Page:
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Greensburg Tuesday takes

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'American Coyotes' Series

Traveling by Jeep, boat and foot, Tribune-Review investigative reporter Carl Prine and photojournalist Justin Merriman covered nearly 2,000 miles over two months along the border with Mexico to report on coyotes — the human traffickers who bring illegal immigrants into the United States. Most are Americans working for money and/or drugs. This series reports how their operations have a major impact on life for residents and the environment along the border — and beyond.

Monday, July 1, 2013, 9:00 p.m.
 

Out-of-whack expenses: On the long road to balancing its 2013-14 budget, the Hempfield Area School Board closed Bovard Elementary School and used $2.5 million from its capital reserve. And still that wasn't enough: Taxpayers were hit with a 1.5-mill tax hike, stemming in part from increases in employees' health care and pension costs — the latter courtesy of the state's lackadaisical lawmakers who have yet to fix an antiquated, defined-benefit pension system. Until Harrisburg gets off the dime, taxpayers can expect to endure a lot more pocket-diving just to cover school employees' retirements.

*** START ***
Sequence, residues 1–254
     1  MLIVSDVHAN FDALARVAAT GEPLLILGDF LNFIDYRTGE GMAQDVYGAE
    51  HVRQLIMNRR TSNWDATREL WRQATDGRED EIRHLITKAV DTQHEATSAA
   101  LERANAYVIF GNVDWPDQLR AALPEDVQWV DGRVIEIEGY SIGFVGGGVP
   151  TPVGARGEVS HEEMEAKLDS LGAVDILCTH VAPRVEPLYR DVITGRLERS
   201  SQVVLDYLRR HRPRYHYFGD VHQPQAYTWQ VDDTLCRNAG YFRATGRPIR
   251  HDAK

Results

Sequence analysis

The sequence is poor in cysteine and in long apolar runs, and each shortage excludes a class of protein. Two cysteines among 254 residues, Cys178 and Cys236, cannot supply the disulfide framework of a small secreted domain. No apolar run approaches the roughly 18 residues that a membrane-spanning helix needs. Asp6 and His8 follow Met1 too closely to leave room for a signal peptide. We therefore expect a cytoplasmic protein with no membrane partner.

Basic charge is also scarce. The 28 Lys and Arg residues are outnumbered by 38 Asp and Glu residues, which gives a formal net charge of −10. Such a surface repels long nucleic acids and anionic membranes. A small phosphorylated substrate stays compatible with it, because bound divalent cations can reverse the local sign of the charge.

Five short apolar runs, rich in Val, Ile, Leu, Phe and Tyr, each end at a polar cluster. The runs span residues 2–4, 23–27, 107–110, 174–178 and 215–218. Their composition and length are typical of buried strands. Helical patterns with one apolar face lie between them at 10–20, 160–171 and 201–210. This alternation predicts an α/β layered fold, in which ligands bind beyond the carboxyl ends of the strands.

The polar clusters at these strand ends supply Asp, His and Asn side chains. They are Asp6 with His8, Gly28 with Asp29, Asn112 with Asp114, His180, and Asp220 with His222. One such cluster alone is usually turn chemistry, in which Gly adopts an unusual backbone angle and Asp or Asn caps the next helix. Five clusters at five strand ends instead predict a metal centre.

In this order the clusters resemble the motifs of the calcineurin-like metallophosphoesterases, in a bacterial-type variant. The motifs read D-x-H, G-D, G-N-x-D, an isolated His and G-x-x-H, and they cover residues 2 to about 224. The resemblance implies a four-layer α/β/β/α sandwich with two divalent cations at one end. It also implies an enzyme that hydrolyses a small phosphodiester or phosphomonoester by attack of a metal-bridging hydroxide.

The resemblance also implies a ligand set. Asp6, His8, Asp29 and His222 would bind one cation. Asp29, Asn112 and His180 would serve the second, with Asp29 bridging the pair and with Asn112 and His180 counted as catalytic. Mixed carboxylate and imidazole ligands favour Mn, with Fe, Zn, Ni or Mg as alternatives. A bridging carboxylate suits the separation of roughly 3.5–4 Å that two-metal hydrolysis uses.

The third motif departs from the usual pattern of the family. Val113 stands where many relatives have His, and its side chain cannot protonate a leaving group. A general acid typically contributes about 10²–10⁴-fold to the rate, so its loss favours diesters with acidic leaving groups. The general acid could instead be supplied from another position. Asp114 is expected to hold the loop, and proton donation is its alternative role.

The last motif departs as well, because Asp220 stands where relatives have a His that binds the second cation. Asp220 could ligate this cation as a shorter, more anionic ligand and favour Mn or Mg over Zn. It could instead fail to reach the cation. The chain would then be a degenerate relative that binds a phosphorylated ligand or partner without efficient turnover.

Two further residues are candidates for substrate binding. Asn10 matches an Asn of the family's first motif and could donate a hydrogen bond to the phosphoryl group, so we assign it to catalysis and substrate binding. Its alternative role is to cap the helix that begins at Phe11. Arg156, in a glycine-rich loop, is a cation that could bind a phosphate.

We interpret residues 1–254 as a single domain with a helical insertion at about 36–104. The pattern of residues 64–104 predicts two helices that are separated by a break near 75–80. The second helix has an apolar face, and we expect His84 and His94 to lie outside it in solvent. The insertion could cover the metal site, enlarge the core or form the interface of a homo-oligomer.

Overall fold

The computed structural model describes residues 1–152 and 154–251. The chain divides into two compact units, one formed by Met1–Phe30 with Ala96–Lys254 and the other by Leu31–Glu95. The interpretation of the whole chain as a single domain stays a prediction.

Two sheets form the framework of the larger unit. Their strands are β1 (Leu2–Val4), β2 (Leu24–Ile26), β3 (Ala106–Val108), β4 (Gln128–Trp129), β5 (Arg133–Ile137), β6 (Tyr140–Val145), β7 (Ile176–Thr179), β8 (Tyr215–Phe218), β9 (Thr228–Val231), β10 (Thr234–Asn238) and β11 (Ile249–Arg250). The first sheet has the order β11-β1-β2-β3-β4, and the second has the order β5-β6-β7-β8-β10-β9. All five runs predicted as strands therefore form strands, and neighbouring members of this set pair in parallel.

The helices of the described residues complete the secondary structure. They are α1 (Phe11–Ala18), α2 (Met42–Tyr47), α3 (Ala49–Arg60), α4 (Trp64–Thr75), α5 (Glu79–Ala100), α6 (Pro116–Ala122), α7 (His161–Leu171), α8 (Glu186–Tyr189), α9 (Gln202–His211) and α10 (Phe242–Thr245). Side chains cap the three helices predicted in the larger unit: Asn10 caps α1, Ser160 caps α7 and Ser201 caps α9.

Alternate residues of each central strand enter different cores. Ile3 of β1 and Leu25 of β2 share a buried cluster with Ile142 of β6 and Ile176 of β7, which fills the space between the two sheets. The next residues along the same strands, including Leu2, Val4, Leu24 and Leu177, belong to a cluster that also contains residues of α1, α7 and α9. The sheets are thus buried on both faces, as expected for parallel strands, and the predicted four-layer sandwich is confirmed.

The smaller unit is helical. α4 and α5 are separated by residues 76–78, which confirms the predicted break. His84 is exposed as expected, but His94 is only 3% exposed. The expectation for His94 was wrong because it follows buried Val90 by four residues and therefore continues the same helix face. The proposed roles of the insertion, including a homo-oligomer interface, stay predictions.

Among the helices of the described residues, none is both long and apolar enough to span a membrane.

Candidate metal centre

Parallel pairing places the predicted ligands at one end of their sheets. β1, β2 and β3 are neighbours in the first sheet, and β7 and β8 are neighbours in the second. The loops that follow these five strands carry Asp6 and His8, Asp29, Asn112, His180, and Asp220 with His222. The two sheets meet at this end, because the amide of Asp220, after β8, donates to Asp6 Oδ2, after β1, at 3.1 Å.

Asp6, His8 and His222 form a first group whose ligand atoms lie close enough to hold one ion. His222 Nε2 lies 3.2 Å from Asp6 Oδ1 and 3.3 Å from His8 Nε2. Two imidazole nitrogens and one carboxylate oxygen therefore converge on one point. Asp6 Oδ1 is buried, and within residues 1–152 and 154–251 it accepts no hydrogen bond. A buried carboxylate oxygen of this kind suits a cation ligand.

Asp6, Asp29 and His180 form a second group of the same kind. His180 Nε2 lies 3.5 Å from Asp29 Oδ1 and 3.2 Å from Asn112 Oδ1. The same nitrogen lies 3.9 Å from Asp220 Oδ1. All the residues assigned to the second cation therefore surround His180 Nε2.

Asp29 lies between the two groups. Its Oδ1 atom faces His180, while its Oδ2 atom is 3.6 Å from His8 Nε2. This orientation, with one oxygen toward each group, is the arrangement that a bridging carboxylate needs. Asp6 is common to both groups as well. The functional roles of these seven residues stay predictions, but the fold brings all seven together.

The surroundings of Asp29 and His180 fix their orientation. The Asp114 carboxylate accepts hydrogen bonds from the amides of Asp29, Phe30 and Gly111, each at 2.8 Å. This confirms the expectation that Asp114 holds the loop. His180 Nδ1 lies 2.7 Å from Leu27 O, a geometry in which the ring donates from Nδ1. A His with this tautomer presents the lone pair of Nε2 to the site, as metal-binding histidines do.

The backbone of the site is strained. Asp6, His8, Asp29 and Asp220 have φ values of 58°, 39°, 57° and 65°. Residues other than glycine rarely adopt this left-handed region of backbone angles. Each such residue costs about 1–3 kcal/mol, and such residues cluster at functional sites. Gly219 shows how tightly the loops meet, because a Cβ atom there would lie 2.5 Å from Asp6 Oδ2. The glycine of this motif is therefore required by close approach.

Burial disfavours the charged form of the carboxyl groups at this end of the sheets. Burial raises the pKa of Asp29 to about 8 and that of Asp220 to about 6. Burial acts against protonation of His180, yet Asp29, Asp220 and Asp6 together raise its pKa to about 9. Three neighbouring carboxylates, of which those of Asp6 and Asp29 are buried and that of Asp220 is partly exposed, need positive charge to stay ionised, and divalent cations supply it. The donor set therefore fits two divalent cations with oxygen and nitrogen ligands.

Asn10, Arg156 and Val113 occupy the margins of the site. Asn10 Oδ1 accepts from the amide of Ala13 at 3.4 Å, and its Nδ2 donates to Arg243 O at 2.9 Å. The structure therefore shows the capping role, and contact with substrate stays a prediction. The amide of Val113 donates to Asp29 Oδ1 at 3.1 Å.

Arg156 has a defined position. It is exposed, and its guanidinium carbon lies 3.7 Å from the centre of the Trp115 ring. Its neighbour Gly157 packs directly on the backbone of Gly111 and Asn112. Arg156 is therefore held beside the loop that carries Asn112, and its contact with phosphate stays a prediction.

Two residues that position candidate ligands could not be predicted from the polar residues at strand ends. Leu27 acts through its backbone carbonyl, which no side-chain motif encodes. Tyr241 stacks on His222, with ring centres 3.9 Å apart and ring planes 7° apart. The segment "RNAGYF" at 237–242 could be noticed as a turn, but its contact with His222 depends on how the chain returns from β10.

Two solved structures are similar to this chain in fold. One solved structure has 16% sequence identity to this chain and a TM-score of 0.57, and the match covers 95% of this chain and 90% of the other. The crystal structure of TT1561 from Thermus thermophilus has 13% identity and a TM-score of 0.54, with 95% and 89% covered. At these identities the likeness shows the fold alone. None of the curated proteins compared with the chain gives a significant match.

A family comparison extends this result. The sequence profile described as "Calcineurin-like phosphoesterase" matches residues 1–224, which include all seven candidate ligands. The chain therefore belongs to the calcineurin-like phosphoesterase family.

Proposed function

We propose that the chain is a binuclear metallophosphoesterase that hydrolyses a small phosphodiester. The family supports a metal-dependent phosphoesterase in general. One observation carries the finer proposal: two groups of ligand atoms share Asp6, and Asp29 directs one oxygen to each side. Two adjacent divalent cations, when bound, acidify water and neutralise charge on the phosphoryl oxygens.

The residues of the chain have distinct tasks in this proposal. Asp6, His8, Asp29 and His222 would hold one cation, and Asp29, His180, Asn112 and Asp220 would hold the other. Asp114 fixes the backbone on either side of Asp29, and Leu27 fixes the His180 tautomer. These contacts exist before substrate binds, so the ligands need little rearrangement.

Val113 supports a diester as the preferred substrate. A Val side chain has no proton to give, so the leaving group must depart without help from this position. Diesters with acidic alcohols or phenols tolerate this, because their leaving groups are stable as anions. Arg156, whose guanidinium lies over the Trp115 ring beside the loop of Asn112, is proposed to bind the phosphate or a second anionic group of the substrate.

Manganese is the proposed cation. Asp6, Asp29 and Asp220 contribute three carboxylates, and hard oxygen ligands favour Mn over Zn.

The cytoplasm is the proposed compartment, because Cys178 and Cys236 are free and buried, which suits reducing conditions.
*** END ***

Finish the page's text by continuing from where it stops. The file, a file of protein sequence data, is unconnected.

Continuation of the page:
Latrobe's next step: Facing a $500,000 projected debt by 2016, Latrobe officials are moving ahead with a five-year management plan that affects every city department. In line with this, are there not cooperative ventures with neighboring Unity that could assist the city's bottom line? For example: a shared police department. Nothing ventured, nothing saved.

Another hard-learned lesson: The sting of $27,711 in thefts from the Derry Area Football Boosters Club directly affects the good work of this organization and the team members it supports. Charged with theft is former club president Lori M. Nicely. And if that's not bad enough, the treasurer of the cheerleaders boosters around the same time allegedly pocketed nearly $12,000. Chalk up two more lessons in why checks and balances are a must for any organization, large or small, that collects money.

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